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  3. I was a staff member at Hawthorn for almost three decades. I never heard the woods between us and the adult hospital referred as the evil woods, but between the deer flies, mosquitoes, poison ivy, and wandering mental patients, we tended to avoid it. I believe the children in the unlocked cottages were told the woods were evil so they would not wander and get lost.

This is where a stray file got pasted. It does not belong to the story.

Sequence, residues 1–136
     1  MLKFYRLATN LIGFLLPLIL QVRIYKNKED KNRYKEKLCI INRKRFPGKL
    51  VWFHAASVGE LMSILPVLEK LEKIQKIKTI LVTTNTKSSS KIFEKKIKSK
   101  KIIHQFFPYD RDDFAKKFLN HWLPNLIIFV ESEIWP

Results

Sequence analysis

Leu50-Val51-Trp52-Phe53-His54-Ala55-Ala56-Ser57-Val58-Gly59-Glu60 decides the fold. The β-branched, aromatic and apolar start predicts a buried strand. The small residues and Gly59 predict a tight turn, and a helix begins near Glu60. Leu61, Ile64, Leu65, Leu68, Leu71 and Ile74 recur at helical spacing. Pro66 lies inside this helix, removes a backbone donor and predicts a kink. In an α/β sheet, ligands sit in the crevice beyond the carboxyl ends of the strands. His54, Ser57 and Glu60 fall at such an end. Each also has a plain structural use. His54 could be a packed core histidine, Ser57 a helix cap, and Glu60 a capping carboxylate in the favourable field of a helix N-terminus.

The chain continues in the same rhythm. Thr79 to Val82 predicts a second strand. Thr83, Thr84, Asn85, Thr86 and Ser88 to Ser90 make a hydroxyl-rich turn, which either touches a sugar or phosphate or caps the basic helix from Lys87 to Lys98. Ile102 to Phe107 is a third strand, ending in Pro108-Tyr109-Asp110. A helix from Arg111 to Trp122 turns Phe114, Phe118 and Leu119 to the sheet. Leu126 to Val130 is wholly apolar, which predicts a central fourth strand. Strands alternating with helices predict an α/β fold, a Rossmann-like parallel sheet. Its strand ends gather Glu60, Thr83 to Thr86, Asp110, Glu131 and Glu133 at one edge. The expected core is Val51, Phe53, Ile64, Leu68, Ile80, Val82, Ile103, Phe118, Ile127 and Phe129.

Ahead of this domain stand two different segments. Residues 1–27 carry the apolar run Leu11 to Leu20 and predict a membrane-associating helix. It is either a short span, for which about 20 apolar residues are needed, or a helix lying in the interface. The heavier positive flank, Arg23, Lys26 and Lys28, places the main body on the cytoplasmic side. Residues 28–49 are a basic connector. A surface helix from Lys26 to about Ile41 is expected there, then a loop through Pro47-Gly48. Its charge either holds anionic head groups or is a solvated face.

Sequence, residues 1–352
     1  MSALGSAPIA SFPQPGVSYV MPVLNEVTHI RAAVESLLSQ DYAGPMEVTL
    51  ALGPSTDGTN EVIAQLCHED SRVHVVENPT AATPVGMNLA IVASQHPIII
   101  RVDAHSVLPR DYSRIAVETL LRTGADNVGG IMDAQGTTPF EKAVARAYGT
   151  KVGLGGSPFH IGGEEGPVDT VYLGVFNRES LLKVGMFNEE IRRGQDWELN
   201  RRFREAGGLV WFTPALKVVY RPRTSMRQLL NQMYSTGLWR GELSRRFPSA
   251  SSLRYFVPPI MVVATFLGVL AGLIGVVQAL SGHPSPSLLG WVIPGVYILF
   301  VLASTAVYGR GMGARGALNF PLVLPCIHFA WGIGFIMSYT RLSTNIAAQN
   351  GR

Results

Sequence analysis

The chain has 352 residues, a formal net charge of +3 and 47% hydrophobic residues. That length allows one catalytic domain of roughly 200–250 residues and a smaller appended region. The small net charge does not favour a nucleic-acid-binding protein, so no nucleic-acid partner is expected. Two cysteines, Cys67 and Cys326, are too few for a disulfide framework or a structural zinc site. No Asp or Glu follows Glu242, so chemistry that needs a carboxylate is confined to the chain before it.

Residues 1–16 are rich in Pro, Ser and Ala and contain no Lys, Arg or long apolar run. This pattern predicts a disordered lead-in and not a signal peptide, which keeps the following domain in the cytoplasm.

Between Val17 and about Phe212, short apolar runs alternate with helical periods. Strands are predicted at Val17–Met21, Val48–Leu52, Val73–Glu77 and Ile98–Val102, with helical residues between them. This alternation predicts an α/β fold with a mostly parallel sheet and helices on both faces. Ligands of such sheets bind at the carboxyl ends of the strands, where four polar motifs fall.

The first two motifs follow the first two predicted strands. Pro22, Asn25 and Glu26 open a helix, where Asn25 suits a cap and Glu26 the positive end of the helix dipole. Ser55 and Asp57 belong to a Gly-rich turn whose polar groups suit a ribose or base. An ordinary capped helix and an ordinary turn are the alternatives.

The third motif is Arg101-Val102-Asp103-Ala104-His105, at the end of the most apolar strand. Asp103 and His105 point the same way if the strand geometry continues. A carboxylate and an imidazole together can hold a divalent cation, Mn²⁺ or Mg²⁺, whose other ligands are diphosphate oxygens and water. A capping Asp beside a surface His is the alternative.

In a way, the whole area really was a santuary for those possessed by society's demons. We did our best to create a compassion bubble that emphasized our shared humanity as a balm for society's demonic forces of poverty, racism, violence, neglect, and tribalism. Hawthorn serves less than half the children it used to, and Northville State Hospital is closed. Our State's commitment to mental health has fallen victim to tax revolts and small government ideologies. Our efforts to address the demonic social forces that cause mental illness have devolved into technocratic emergency city managers and prisons filled with the mentally ill who are too dangerous to allow to aimlessly wander the streets. Until we grow into a just and sane society, we need sanctuaries like Hawthorn, but they can never be a substitute for a just and sane society.